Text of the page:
News Round Up In-Brief
- Immigration advocates successfully pressured the AP into outlawing the word “illegal” when used to describe persons, prompting the New York Times to more seriously reconsider the term.
- The growing political clout of the United Farmworkers Union was in evidence April 11 when the Union struck a deal with crop growers on visas and pay scales for foreign farmworkers.
- Proposed immigration reforms make undocumented immigrants ineligible for federal public health benefits for at least 10 years, a move that would shift increased responsibility for their health care costs onto states and counties.
- The group of Senators working on immigration reform agreed on a plan that requires more border enforcement controls before undocumented immigrants can begin to proceed toward citizenship; however, there are no specific provisions in the bill that, if not met, would block the citizenship path.
- The current immigration reform proposal creates a “W-visa” for low-skilled workers from which they can, if desired, begin on a path to citizenship after one year. Immigrant advocates argue that the plan will not let in enough guest workers, starting at 20,000 per year and increasing to 75,000 annually after four years. Additionally, reforms will shift the visa system in favor of immigrants with employment-based visas, who will have more options than those with family visas to begin the path to citizenship.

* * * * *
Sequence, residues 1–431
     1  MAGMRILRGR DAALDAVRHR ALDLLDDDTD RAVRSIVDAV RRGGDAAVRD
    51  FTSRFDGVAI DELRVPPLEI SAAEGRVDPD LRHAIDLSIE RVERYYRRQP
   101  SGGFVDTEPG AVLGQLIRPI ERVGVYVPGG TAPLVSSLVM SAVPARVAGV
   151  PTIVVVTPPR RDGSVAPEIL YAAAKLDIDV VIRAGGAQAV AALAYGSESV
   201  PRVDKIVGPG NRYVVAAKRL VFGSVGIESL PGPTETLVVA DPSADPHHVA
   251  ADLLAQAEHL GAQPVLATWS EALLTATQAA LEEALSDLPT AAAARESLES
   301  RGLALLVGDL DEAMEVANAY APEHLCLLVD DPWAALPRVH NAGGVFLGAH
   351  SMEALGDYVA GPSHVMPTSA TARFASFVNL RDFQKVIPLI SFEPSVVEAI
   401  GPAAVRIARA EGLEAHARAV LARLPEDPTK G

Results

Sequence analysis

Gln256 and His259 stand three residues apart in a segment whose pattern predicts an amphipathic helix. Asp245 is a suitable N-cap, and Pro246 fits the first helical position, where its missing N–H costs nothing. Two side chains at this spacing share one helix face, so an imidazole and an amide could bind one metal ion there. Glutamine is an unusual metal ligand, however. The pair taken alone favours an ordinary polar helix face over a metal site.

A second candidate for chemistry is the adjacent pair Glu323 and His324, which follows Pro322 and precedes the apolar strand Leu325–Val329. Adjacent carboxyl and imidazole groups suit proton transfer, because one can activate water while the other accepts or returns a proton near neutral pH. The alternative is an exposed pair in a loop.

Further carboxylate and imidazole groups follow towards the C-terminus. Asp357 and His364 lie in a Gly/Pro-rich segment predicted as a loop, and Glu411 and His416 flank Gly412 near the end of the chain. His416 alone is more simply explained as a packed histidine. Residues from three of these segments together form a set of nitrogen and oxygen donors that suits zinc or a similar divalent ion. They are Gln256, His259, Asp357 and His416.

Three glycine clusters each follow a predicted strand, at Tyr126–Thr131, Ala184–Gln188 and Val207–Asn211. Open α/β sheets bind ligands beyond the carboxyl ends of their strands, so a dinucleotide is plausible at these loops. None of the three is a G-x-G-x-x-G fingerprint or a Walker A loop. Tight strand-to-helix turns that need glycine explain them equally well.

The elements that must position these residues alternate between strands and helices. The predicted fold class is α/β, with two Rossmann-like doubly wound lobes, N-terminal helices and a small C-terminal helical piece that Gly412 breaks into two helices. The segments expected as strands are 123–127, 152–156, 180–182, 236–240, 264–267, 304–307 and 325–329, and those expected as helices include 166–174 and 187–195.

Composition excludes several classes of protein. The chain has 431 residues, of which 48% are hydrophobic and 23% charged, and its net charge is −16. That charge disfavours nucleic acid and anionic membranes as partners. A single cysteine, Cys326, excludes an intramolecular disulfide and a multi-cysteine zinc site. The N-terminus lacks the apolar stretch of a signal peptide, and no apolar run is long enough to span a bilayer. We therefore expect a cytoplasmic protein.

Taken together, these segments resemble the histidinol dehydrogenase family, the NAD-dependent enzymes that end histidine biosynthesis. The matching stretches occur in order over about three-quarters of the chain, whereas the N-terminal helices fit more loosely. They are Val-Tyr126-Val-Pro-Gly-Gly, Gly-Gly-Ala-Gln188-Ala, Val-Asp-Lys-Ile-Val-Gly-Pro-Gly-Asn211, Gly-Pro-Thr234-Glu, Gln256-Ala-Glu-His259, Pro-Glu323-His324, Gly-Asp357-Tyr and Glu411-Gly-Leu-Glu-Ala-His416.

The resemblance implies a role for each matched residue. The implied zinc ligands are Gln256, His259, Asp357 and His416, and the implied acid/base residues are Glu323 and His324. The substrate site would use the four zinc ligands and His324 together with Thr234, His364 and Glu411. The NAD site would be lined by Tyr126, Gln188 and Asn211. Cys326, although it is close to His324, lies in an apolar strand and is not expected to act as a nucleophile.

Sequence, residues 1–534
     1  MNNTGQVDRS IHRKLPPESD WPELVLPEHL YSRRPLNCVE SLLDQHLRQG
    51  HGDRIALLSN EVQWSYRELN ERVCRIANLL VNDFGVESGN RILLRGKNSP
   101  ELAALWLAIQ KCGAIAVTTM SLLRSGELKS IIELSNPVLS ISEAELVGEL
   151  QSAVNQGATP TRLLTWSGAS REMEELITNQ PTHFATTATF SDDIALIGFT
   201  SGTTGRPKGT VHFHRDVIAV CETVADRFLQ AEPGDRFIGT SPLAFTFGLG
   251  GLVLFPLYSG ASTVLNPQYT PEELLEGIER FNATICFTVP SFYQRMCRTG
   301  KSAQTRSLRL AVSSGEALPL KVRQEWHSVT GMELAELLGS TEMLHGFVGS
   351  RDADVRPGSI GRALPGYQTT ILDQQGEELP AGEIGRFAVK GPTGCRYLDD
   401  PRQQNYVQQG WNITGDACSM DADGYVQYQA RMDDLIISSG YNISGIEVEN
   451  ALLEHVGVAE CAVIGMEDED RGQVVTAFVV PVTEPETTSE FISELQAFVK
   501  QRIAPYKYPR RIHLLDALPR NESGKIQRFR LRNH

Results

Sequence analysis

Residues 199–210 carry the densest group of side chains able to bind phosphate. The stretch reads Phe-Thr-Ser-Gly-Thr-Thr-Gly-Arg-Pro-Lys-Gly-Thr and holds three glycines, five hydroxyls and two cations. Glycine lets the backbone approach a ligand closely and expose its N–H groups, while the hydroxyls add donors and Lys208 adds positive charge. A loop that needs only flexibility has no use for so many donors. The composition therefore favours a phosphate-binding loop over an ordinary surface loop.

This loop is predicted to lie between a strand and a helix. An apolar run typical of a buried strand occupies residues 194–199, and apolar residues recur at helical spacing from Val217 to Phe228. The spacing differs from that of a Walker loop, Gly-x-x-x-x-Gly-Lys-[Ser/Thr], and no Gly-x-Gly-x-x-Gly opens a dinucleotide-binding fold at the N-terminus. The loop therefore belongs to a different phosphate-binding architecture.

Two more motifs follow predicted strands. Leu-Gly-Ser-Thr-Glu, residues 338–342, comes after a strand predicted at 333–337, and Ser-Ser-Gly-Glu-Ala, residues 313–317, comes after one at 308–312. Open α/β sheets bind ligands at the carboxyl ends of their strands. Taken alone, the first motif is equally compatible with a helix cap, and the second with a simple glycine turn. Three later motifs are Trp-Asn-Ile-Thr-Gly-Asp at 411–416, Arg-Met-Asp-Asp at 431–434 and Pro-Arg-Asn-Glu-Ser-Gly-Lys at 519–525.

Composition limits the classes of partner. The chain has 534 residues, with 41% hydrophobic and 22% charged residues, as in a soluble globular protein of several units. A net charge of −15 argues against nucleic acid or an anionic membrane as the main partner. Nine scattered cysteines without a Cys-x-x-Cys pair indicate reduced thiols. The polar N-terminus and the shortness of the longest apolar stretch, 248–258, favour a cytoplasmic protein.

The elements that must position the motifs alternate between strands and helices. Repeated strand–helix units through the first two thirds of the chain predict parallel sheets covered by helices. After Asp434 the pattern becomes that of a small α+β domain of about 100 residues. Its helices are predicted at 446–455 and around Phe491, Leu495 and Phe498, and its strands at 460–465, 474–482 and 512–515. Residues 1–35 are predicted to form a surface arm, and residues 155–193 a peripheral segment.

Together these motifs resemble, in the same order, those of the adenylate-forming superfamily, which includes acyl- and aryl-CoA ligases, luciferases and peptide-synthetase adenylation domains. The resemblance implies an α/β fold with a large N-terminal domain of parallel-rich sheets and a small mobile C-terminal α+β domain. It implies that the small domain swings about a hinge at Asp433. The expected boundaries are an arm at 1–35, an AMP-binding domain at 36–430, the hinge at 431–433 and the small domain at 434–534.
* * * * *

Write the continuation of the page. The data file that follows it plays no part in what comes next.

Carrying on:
- Because undocumented immigrants are not entitled to a lawyer, it is estimated that more than half of unaccompanied immigrant children face immigration courts without representation.
- New York dairy farmers are lobbying Congress for expansions to the existing agricultural guest-worker program, since the current program includes only seasonal workers and most dairy farmworkers work year-round.
- On April 10th, immigrant rights activists across the country attended rallies and marches in major U.S. cities. Access Denied contributor and co-founding member, Nolan Kline, attended the march in Atlanta, Georgia.
- The United Nations International Labor Organization reported April 9 that an estimated 600,000 migrant workers are trapped into forced labor and sex slavery in the Middle East, due largely to the fact that employers sponsor their visas.
- Twenty-eight asylum seekers detained in Melbourne, Australia began a hunger strike April 8, asking the Australian government to either release or kill them.
- Hundreds of Rohingya refugees from Myanmar have fled religious persecution to Indonesia, exacerbating the overcrowding in Indonesia’s refugee detention centers. The Sydney Morning Herald compared this situation to Australia’s detention of north Asian refugees.
Biswas, Dan, Brigit Toebes, Anders Hjern, Henry Ascher, and Marie Norredam. 2012. Access to health care for undocumented migrants from a human rights perspective: A comparative study of Denmark, Sweden, and the Netherlands. Health and Human Rights: An International Journal 14(2). Retrieved April 21, 2013, from http://www.hhrjournal.org/index.php/hhr/article/view/536/829.
Prepared by Rachel Stonecipher